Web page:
Over the past decade, camera technology has improved drastically as well as becoming more affordable. This has been a lifeline for projects such as ours, as a few years ago, we relied on infrequent sightings to be reported to the partnership in order to know where the red squirrels were, and that they were surviving. Sightings were infrequent and sometimes unreliable. The only way to check the status of a population was to go in with live capture traps, which both high effort and high disturbance to the squirrels themselves.
Camera traps changed all that. Now, we rely heavily on our camera traps, using them to confirm and monitor red squirrels in a less invasive way. Our traps are triggered by anything that moves in front of it, which can sometimes mean a fern which grows up in front of camera and then waves in the wind, or if the camera is close to the ground, mice. We have nearly 100 camera traps now, and they produce a lot of data.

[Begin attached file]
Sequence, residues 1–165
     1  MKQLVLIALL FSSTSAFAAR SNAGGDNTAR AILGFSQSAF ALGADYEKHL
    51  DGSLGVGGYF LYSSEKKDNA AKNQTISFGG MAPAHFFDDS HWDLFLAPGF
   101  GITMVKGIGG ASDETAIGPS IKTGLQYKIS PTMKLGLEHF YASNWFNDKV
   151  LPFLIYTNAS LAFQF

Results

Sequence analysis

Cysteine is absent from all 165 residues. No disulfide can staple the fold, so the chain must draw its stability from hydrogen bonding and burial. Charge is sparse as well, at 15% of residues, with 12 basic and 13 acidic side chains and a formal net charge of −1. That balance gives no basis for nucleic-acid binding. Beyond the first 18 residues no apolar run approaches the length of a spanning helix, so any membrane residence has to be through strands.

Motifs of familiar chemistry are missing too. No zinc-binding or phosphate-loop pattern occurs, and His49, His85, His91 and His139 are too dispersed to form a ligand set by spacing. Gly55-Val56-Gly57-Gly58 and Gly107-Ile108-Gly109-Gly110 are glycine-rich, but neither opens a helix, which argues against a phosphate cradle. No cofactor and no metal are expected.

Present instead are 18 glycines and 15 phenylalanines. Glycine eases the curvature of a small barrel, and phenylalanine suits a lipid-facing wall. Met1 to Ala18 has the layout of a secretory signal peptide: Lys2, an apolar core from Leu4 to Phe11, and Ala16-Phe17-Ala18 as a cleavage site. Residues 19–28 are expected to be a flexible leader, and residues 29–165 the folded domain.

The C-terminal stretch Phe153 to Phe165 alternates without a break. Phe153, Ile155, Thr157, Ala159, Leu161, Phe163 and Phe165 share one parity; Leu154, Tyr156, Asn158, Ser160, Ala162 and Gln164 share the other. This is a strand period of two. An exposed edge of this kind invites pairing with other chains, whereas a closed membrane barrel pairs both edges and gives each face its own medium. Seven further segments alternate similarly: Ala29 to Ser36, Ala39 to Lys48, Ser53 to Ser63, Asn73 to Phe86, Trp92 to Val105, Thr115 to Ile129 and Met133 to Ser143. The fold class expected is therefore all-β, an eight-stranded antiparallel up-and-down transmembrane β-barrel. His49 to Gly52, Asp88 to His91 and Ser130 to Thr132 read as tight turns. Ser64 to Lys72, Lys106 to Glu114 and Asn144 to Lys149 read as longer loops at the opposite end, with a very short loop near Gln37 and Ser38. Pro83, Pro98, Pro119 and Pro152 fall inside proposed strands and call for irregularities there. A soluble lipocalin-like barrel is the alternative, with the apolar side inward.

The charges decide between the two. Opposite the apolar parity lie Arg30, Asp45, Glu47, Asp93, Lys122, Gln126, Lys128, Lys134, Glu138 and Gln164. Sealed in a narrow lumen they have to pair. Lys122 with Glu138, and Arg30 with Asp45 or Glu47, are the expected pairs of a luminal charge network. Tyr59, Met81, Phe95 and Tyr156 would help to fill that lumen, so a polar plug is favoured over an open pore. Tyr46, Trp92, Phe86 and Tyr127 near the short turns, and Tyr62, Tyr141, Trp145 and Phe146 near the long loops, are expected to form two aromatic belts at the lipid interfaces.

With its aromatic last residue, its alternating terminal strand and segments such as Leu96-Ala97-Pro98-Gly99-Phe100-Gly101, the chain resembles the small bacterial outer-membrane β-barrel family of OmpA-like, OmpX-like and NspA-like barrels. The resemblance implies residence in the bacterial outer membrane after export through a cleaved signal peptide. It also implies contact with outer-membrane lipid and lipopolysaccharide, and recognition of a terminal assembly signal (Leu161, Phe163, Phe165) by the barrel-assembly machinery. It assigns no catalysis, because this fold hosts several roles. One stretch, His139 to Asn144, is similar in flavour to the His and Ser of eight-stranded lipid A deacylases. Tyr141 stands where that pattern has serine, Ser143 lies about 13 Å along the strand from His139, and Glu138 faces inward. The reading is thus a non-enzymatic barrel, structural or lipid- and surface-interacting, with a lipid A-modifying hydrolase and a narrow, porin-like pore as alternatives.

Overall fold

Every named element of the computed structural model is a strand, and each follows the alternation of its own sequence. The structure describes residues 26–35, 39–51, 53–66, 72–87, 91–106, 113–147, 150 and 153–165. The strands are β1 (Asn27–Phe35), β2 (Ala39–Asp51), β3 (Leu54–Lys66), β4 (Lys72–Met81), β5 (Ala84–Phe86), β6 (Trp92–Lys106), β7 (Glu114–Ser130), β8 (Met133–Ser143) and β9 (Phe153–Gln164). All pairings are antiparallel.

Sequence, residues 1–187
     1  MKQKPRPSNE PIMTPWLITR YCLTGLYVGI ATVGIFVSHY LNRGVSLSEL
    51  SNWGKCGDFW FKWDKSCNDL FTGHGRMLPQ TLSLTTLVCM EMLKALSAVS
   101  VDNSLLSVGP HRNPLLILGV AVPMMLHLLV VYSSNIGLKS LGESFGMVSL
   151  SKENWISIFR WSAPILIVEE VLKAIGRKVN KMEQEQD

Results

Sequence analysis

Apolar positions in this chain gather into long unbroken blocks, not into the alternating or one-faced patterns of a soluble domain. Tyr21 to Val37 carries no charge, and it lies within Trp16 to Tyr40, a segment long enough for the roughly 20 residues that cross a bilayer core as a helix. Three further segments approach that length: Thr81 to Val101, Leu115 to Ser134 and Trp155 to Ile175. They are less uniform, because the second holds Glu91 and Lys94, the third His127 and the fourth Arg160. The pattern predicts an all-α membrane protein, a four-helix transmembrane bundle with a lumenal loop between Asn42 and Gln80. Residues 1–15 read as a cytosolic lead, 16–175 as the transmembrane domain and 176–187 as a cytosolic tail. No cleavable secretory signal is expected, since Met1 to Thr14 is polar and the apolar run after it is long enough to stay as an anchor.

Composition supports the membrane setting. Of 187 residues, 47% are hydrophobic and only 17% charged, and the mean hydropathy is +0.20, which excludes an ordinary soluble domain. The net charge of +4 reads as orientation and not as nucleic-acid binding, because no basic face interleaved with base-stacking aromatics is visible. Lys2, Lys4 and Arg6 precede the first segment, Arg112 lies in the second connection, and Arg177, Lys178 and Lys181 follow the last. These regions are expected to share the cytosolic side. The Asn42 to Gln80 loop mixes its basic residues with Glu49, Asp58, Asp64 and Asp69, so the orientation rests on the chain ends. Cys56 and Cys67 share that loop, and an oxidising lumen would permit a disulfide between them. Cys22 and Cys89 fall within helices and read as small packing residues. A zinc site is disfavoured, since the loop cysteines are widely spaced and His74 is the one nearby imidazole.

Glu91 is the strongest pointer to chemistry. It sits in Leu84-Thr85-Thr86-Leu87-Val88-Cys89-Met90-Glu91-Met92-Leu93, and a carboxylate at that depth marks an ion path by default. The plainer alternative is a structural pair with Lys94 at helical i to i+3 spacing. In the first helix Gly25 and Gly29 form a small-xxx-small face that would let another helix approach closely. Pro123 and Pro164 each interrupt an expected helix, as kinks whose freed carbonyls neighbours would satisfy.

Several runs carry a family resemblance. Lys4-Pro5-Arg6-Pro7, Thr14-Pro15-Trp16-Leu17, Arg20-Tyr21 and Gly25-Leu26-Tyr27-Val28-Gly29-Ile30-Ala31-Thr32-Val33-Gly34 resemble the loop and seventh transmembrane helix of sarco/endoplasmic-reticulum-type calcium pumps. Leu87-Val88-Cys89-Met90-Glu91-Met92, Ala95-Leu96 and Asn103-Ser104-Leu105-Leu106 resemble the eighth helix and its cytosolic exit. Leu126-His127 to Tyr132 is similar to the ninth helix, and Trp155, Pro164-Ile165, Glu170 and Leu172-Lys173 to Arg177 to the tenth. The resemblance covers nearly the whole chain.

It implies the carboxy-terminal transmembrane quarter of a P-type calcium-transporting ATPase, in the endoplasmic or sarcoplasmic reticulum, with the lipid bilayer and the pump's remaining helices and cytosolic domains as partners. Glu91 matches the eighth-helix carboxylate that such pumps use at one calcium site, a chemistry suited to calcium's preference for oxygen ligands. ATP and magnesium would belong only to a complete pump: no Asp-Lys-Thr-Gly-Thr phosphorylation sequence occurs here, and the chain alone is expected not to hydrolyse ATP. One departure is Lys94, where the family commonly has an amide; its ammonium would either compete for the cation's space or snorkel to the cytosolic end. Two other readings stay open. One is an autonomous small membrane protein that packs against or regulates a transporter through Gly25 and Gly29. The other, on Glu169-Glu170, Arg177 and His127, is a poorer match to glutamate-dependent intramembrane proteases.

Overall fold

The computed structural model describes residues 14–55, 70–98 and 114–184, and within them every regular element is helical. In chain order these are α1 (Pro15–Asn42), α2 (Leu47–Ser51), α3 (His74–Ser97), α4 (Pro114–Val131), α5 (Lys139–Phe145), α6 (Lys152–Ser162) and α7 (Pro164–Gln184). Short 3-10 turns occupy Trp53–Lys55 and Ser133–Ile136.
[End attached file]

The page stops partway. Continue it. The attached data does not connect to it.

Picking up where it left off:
We have recently started using MammalWeb, a collaborative citizen science web platform set up by Durham University and Durham Wildlife Trust. Users upload their camera trap data, and volunteers can look through it, reporting back what species are in the photos of videos. The system is great and really easy to use.
We’ve only just started using it, so we don’t have many files uploaded yet, but we’re going to be using it much more over this winter. If you’d like to help us, please have a look through the “get started” pages here
and make an account. Then please use this link and click “classify this project”. To help with our project.
We really appreciate anyone who takes the time to go through some images or videos for us, it’s a huge help and an easy way to help the project from the comfort of your sofa, wherever you live!